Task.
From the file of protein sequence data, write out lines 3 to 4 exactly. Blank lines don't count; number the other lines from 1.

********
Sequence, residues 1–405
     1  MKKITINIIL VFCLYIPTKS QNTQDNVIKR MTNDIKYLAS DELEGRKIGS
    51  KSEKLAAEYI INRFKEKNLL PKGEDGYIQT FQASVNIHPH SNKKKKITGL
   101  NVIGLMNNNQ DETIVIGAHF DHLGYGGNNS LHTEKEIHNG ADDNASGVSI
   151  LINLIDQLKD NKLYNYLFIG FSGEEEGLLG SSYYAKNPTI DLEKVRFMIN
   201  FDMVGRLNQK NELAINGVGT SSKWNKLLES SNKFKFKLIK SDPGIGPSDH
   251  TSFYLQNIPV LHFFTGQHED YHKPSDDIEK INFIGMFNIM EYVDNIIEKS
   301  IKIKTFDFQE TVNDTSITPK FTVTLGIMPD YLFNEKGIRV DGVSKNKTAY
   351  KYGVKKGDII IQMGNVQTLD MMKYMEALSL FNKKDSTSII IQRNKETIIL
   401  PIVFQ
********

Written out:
    51  KSEKLAAEYI INRFKEKNLL PKGEDGYIQT FQASVNIHPH SNKKKKITGL
   101  NVIGLMNNNQ DETIVIGAHF DHLGYGGNNS LHTEKEIHNG ADDNASGVSI